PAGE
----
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Friday, May 24, 2013

Every June, On The Weekend Of Father's Day,

there is a show in St. Michaels, Maryland, that to me, is special in a way unlike any other that I know of. Let me say that I've been to a lot of shows over the years. It's formal name is "The 26th Annual Antique & Classic Boat Festival/The Arts at Navy Point".

Feel free to print this poster and show it off
It is one of the grandest expositions of fine old mahogany and chrome boats in the country: it is, in fact, the largest show of the type in the Mid-Atlantic region. It's location, the Chesapeake Bay Maritime Museum, is a setting that is perfect for the show's many aspects. Being on the Miles River, which connects directly to the Chesapeake Bay, stately motoryachts come from many parts of the East Coast. Many boats simply cross the Bay from the Western Shore or come up or down the Bay from various Eastern Shore locations. Boats arrive on trailers from all over the US and often from Canada, as well. There are runabouts, utilities, race boats, cruisers, launches and virtually everything that you can imagine in between. Because these boats are in competition for best restoration to original condition, they are all in "Bristol" shape and when you see 120 to 130 of them together, it's quite a sight.

There are several Antique & Classic Boat Festivals throughout the US and Canada and I think that they are all worth checking out. We attend a number of such shows each year and they all have their strengths. What I like about St. Michaels is that there is a type of synergy that has developed over the show's 26 year history. In particular, and for reasons that I'm not sure that I understand, it has had a good relationship with the arts. Having been among the first vendors that were part of the show, many years ago, I remember that the first group had a number of artists in it. Some of them still do this show, almost 20 years later.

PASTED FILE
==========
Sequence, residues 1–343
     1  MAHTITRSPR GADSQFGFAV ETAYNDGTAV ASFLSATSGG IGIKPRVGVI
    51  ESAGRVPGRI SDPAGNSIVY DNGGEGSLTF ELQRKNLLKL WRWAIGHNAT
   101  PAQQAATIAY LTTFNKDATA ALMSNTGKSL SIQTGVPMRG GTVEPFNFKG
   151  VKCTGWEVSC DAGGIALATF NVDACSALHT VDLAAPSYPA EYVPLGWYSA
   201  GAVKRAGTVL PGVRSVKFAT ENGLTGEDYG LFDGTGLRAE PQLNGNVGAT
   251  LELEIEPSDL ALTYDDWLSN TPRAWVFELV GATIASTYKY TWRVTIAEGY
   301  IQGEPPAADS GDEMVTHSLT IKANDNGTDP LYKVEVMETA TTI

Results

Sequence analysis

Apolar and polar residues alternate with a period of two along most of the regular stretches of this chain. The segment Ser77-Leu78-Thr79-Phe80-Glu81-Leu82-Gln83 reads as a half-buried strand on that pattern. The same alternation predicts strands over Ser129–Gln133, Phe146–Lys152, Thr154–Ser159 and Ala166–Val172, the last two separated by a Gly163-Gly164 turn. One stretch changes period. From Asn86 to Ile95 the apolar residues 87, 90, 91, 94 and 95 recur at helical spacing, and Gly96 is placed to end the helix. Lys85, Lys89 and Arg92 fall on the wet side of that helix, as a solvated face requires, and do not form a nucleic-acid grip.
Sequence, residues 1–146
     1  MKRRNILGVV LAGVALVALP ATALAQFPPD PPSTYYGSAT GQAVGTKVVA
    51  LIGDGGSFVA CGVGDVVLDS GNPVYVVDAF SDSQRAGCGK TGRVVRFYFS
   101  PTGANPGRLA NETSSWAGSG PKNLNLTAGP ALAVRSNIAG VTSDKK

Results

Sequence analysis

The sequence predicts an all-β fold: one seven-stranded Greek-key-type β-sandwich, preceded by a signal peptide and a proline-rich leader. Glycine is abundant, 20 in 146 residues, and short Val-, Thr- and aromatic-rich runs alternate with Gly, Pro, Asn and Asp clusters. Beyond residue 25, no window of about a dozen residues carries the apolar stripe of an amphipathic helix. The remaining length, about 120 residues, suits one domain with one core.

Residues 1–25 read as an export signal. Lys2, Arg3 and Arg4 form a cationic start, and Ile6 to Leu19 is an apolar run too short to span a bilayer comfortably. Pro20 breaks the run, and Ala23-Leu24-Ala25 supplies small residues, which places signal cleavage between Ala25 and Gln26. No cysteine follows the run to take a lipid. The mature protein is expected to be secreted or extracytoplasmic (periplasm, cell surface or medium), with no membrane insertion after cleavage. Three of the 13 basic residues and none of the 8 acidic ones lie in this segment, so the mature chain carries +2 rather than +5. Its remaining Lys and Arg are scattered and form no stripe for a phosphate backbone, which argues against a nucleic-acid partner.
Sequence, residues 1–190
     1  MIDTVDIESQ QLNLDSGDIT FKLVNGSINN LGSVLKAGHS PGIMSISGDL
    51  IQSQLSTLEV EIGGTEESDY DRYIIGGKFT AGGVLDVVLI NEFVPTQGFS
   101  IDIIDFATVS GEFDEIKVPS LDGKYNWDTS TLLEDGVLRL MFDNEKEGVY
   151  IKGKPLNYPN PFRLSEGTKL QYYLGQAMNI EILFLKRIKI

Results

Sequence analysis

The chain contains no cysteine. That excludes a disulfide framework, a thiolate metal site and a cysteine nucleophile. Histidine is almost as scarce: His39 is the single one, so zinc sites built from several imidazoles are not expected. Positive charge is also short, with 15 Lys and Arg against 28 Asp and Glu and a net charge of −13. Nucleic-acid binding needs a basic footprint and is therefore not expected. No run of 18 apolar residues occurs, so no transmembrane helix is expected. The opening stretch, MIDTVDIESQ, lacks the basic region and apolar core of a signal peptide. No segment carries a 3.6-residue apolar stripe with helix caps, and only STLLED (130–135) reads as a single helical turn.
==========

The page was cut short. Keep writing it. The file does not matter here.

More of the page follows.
Talk about use of "Style"
While I don't understand how it began, this connection between the boats and the arts has grown in a very natural way and the two worlds compliment each other amazingly well. Perhaps it has to do with the fact that the boats, most of which were designed to be stylish in their times, and which are in such pristine condition are art in and of themselves. Making old and worn boats young again is an art form in no uncertain terms. Understanding how to do research, learning about history, and applying techniques of woodworking, metalworking, finishing, graphics, etc. are all types of multi-media art and artisanry.

I often hear people say how beautiful the St. Michaels show is. That it is balanced and makes people feel good. There are a lot of reasons for that. There is a lot to do and a lot to see and the people are friendly. Again, the Museum's grounds are beautiful in mid-June when the weather is "just right". I
think it looks better with lots of beautiful boats all over the place. ...and if you haven't been to St. Michaels, it really is a great place to be.

Everyone has a reason for liking boats, or not; art or not, and what I see in this may seem like a figment of my imagination to you. I have no problem with that. I will say that you should come to this show and think about what I'm saying here and see what you think for yourself. Even if you think I'm crazy, there are a lot of other things to see and do at the show. Whatever you like, I'm willing to bet that you will love something about this show.

The 26th Annual Antique & Classic Boat Festival / The Arts at Navy Point

For a list of this year's artists and vendors go to

For more show information, or to register a boat go to

For information about the town of St. Michaels go to

For Accomodations during the show go to

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